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Krysta Tsangarides is a young intern guide at the Missoula Smokejumpers Visitors Center, and she knows her limits.

Once they’re on the ground at a forest fire, smokejumpers have to carry 85-pound packs, minimum, up and down mountains, she told her 1 p.m. tour group Tuesday.

“I can’t even lift one,” admitted Tsangarides, a junior at Salve Regina University in Rhode Island who gets college credit for working at the smokejumper base.

She also knows that her summer job depends much on Earl Cooley, though she didn’t mention him by name.

When smokejumping was proposed in the late 1930s, the U.S. Forest Service was not on board.

“They thought you had to be insane to want to jump out of a plane into fire,” she explained. “I do not blame them. It sounds really crazy.”

When the Forest Service brass finally assented, the first test jumps were made in Winthrop, Washington, in 1939. The following July, in a remote part of the Nez Perce National Forest in Idaho, Cooley followed Rufus Robinson out of a Johnson Brothers Travelair to become the first Forest Service employees to jump on a fire.

The strings of Cooley’s parachute tangled and when they finally straightened out, Cooley landed smack in a spruce tree. He scrambled down 100 feet to the ground and joined his fellow pioneer, Rufus Robinson, to attack the fire.

“If he would have died on that first jump, the program might have died with him,” Tsangarides said.

That means she wouldn’t have been ushering 14 men and women, split evenly between locals and out-of-staters, around the base west of the Missoula airport on Tuesday.

They wouldn’t have rubbed shoulders with strapping smokejumpers sewing or packing or inspecting their chutes, or just hanging out waiting for a fire call.

Fire season in Montana will start next month, but some of the 70 jumpers based in Missoula are helping out on a fire in New Mexico.

Fourteen rookies were scheduled to graduate Tuesday from training school, which is usually a five-week regimen. That got stretched to six this spring when uncooperative weather delayed the required 25 practice jumps per trainee.

If not for successful early jumps more than 75 years ago, would there still be spam? The meaty kind, we mean?

“It is a sort of smokejumping tradition for rookies to cook the meals while they’re off on a fire, and they will make it a competition who can make the best spam,” Tsangarides said. “I’ve heard things like spam sushi, spam tamales, spam in ramen — anything you can imagine they have probably made it. I can’t imagine all of it is good.”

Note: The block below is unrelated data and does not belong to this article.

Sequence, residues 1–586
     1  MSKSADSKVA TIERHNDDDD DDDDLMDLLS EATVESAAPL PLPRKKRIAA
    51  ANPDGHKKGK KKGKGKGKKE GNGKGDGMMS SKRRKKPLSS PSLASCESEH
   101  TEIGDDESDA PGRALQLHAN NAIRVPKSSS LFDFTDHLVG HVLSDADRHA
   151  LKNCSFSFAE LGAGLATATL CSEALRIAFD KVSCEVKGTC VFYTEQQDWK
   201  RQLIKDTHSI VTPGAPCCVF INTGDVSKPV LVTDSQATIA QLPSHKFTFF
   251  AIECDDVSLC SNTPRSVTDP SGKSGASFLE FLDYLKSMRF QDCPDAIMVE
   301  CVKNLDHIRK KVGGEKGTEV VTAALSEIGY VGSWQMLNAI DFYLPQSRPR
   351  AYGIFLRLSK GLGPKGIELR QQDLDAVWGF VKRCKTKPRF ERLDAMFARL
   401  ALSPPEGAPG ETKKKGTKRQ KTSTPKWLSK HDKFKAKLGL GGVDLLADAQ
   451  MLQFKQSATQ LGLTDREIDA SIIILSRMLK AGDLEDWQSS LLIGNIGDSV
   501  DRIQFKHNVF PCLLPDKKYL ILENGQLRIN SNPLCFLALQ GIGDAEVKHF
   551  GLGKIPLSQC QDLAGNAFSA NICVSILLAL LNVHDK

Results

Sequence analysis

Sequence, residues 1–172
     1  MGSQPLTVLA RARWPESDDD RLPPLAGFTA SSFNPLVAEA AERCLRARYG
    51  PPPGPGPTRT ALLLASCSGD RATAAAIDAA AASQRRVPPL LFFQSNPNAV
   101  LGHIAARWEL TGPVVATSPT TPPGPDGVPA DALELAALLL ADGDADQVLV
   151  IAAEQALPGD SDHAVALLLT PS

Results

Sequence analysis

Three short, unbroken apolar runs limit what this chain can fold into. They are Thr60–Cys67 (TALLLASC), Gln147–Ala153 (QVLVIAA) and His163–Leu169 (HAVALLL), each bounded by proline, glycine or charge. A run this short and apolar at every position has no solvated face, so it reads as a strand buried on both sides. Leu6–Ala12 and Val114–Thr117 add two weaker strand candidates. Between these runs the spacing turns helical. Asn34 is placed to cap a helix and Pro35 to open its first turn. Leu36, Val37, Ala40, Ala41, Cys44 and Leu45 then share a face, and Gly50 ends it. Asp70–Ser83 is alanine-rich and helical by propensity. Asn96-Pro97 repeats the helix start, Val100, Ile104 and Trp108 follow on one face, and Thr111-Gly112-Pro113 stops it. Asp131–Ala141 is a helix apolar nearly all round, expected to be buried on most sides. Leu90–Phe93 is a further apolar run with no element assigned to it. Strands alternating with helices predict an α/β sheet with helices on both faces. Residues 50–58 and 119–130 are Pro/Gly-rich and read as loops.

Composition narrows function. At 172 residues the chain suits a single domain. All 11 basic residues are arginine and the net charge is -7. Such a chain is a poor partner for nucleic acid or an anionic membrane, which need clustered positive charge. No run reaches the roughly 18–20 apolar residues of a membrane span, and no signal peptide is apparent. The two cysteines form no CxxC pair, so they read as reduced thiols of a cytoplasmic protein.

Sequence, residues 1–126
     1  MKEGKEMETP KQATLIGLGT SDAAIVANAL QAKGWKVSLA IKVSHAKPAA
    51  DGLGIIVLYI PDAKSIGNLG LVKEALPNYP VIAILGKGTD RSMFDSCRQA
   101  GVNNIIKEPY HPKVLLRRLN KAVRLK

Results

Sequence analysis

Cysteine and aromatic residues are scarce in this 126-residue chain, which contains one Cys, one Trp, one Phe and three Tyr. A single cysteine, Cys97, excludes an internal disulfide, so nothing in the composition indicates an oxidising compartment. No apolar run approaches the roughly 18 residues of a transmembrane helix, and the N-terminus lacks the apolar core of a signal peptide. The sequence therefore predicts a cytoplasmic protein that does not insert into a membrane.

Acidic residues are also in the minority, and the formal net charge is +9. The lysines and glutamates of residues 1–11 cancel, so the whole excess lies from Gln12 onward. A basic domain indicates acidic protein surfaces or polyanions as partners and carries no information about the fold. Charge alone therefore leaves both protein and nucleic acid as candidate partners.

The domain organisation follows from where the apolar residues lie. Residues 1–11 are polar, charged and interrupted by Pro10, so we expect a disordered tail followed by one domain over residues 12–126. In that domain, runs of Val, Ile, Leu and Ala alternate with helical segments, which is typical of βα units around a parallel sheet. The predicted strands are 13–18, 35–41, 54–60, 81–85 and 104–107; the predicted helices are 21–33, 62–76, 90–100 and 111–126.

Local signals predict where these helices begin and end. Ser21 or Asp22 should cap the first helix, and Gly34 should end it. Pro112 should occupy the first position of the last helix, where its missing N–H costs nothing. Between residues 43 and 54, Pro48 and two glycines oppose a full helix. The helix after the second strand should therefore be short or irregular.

For Dick Molstead of Coeur d’Alene, Idaho, his first visit to the smokejumper center reminded him of his own firefighting days for the Forest Service in Idaho in the late 1950s.

“A lot of sweat and tears. It’s a band of brothers,” said Molstead, who’s in town this week to volunteer for the AOPA regional fly-in at the airport.

Tom Allen recently retired and moved to Kalispell. He took the tour Tuesday with his brother Rich, who lives in Mesa, Arizona.

They grew up on a ranch not far from the airport between Mullan Road and the Clark Fork River.

“Johnson Flying Service used to practice over my dad’s ranch in their Ford Trimotors, so since I was a little kid, smokejumpers were a big deal,” Tom Allen said.

The smokejumper visitor center remains one of Missoula’s top attractions for people from elsewhere. It figures to be a magnet this weekend, as hundreds of flyers from across the west come to the airport for the AOPA fly-in. Around and giving tours since the old Hale Field days of the 1930s-1950s, it remains an unvisited treasure for a lot of locals.

Guides such as Tsangarides and Gwyn Schueler, her fellow intern from Kansas State University, conduct six 45-minute tours each day, seven days a week, from Memorial Day to Labor Day. The tours start at 10 a.m., 11 a.m. and on the hour in the afternoon from 1 p.m. to 4 p.m.

There is no charge and they're kid-friendly. Tsangarides said when things heat up, there might be an added enticement.

“We’re told if we’re conducting a tour and they do get a fire call, as long as we’re out of the way, we can actually watch the guys gear up,” she said.

But you have to catch them quick.

Smokejumpers train to get into their jumping gear in 2 minutes. They’ve got 10 minutes from the bell to be on the plane that waits out the back door.

It’s a vital part of smokejumping, when every minute counts getting to a backcountry fire.

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Mineral County, Veterans Issues Reporter

Outlying communities, transportation, history and general assignment reporter at the Missoulian